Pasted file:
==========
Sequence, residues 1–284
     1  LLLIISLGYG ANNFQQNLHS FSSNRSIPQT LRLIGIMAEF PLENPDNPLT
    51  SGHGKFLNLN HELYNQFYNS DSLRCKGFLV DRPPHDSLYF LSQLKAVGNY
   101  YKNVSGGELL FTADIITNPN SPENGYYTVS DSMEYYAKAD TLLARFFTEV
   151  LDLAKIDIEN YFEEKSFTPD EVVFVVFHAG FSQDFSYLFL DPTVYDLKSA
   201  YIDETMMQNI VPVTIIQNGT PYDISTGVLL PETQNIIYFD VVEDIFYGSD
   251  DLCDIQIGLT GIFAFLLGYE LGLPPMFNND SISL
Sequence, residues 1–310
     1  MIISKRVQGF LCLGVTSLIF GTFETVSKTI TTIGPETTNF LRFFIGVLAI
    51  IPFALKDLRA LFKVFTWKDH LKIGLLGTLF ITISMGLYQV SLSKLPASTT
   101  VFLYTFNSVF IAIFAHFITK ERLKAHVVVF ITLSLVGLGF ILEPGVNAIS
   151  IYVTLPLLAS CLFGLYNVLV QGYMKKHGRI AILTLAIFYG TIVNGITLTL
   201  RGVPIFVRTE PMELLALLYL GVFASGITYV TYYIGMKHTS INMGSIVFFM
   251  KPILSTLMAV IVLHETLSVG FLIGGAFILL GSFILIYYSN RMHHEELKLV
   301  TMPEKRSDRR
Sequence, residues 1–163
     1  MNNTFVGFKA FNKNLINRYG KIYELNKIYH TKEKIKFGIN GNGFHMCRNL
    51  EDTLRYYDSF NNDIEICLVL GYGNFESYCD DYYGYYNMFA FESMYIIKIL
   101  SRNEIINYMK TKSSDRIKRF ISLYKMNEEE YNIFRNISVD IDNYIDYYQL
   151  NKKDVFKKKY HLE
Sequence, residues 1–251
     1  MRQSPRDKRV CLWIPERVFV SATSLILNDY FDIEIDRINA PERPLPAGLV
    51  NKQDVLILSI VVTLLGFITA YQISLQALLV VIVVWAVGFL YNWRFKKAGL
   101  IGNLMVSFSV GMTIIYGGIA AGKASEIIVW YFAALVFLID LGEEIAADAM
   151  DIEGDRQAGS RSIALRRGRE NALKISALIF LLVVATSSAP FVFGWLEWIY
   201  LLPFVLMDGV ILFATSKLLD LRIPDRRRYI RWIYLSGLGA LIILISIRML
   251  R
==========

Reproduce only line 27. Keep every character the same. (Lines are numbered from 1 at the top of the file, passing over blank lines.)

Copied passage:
   251  R